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Holidomes are mostly a memory and very few are left standing.

Remember the Holidome?

They were hotels with enclosed courtyards and massive, indoor recreation centres that included tropical-themed décor, kidney-shaped pools, mini-golf, billiard tables, tiki bars, table tennis and shuffleboard.

In the 1970s, Holiday Inn built a number of these leisure-oriented hotels marketed toward families but with amenities that would appeal to grown-ups as well as kids – early versions of fun palaces similar to the Great Wolf Lodge Water Park Resort model in Niagara Falls, Ont.

People still want fun and games, just not necessarily at a domed roadside hotel.

Jane Domenico, senior vice-president and national lead, retail services at Colliers Canada

The concept flourished until the early 1980s and spawned non-Holiday Inn imitators in Canada, such as the Wheels Inn in Chatham, Ont., eventually replaced with a convention centre in 2011.

Today, Holidomes are mostly a memory and very few are left standing. They have either been rebranded or renovated and bear only a faint resemblance to the stately pleasure domes of the leisure-suit and disco era.

“The idea of these leisure properties more or less peaked during the era of the traditional family, a mother and father and the kids,” says James McKellar, professor of real estate and infrastructure at York University’s Schulich School of Business in Toronto.

“The demographics have moved on. Households are smaller, there are a lot more elderly people and there are a lot more single people,” Dr. McKellar says.

“They were originally called ‘Fun Domes,’” says Ross Walton, writer and historian for the University of Southern Mississippi’s Center for Oral History and Cultural Heritage. “Holiday Inns started in 1952. They had a policy that every 20 years the properties [which were franchised] had to be either renovated or somehow renewed.”

The solution was simple. “A lot of the franchise owners had U-shaped buildings with a pool in the middle, and two partners in Kansas City who had Holiday Inns, Robert Brock and Edwin Linquist, came up with the idea of enclosing the courtyard,” Mr. Walton says.

“[Holidomes] came at a perfect time for the hotel industry, during the energy crisis,” he adds. Fuel prices shot up dramatically after the Arab oil embargo of 1973 and during the Iranian revolution of 1979.

“There were fuel shortages, and people who wanted a getaway had to stay closer to home,” Mr. Walton says.

Holidomes flourished not only because they offered escape but also because the idea was consistent with the Holiday Inn brand, Mr. Walton adds.

The idea was the self-contained vacation. “You could stop at a Holiday Inn at that time and do everything – they had hairdressers, restaurants, gas stations, so indoor entertainment made sense too,” he says.

“Leisure travel now is much more global. At one time you’d get in your car to go somewhere, but then we saw the rise of discount airlines and packages, and people started to travel farther afield,” Dr. McKellar says.

People still want to hop in their cars and enjoy a little fantasy fun on their road trips, but their tastes have evolved since the Holidome days, says John Belknap, co-owner of Penny’s Motel in Thornbury, Ont.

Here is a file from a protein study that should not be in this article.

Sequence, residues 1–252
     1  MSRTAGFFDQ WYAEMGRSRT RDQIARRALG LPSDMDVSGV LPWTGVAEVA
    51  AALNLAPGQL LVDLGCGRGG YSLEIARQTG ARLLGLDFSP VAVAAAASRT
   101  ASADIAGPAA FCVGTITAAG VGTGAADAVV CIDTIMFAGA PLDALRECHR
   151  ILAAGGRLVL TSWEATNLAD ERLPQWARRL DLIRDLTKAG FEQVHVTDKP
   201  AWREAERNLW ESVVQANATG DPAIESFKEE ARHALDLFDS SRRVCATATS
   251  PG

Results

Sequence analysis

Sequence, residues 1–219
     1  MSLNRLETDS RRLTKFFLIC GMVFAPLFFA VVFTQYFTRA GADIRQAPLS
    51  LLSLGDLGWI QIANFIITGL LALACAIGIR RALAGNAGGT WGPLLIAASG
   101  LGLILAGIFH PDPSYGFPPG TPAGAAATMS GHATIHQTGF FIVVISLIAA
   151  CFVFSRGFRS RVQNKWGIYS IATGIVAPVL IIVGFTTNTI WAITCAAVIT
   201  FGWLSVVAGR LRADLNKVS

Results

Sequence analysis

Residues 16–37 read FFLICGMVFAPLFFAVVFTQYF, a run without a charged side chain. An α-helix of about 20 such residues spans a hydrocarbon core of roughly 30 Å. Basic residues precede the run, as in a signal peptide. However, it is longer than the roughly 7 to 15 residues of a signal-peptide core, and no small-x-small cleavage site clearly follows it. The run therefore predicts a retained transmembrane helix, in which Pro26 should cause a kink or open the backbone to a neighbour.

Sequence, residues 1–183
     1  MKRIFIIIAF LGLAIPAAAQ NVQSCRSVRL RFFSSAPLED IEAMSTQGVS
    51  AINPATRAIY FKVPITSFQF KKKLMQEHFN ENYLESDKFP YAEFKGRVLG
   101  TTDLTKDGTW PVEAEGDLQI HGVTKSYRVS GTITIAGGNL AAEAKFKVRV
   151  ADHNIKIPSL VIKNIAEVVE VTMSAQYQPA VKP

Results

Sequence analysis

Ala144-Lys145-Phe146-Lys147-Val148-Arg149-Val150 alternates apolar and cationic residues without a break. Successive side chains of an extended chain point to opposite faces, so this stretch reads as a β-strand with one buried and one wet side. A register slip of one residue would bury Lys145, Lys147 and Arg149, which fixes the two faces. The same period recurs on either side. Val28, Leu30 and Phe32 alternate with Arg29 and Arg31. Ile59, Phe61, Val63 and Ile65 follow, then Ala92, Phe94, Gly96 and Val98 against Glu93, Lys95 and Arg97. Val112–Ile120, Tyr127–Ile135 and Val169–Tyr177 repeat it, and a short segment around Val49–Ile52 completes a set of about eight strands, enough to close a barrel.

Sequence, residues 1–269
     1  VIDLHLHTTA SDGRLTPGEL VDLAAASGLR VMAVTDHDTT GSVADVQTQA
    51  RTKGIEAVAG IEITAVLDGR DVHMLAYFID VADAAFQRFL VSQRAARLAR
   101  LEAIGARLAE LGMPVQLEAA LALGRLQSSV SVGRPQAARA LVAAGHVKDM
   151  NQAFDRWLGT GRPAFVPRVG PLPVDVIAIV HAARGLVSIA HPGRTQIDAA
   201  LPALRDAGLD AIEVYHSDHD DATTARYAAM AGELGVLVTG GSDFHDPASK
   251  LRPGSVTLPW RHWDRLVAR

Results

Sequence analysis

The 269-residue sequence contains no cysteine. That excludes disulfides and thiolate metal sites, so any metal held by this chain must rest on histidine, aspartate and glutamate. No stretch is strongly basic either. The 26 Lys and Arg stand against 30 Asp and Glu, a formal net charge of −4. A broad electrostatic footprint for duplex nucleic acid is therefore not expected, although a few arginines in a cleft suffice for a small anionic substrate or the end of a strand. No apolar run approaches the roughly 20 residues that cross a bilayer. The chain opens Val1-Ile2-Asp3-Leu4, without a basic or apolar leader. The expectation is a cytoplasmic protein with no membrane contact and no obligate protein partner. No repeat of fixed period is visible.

Holiday Inn built a number of leisure-oriented hotels marketed toward families but with amenities that would appeal to grown-ups as well as kids.

He and his partners renovated the 13-room motel to offer escape amenities that might appeal more to 21st-century tastes – an extensive wine list, an oyster bar and an open-air courtyard where guests are encouraged to mingle by an open fire.

“We could have put a swimming pool in the courtyard, but why? We’re just a few steps from Georgian Bay, and the amenities we want people to enjoy are the ones in the area – swimming and boating in the summer and skiing in the winter,” Mr. Belknap says.

His co-owner Drew Sinclair, who is also principal of SvN Architects + Planners in Toronto, says that Holidomes were also victims of rising maintenance costs.

At many Holidomes, the humidity from the indoor pools would damage the domed ceiling and make the inner-courtyard-facing rooms damp and stuffy, he explains.

“While the maintenance of these domed structures is really costly, they’re very easy to demolish, and you still can keep the hotel,” Mr. Sinclair explains.

Insuring Holidomes also became more and more costly, Mr. Walton adds, and the Holiday Inn chain started to rethink its marketing after changes in corporate ownership and a failed hostile takeover bid in the 1980s by a developer named Donald Trump.

The local pleasure escape idea is still going strong, but it’s different now.

“There are places like Great Wolf Lodge,” Mr. Sinclair says. “They focus on one type of activity – in their case, swimming – and they’re near other tourist attractions.”

Amusement getaways are more connected to shopping now than to overnight stays, says Jane Domenico, senior vice-president and national lead, retail services at Colliers Canada.

“Holidomes look like they were great in their time,” she says. “People still want fun and games, just not necessarily at a domed roadside hotel.”

Increasingly, people are going to malls with indoor amusements to get their kicks, rather than hotels with domed indoor recreation centres.

“There are malls with entertainment and amusements in Quebec City, Toronto, Cambridge, Ontario and West Edmonton Mall [which includes the Fantasyland Hotel],” she says.

“And of course, there’s Las Vegas.”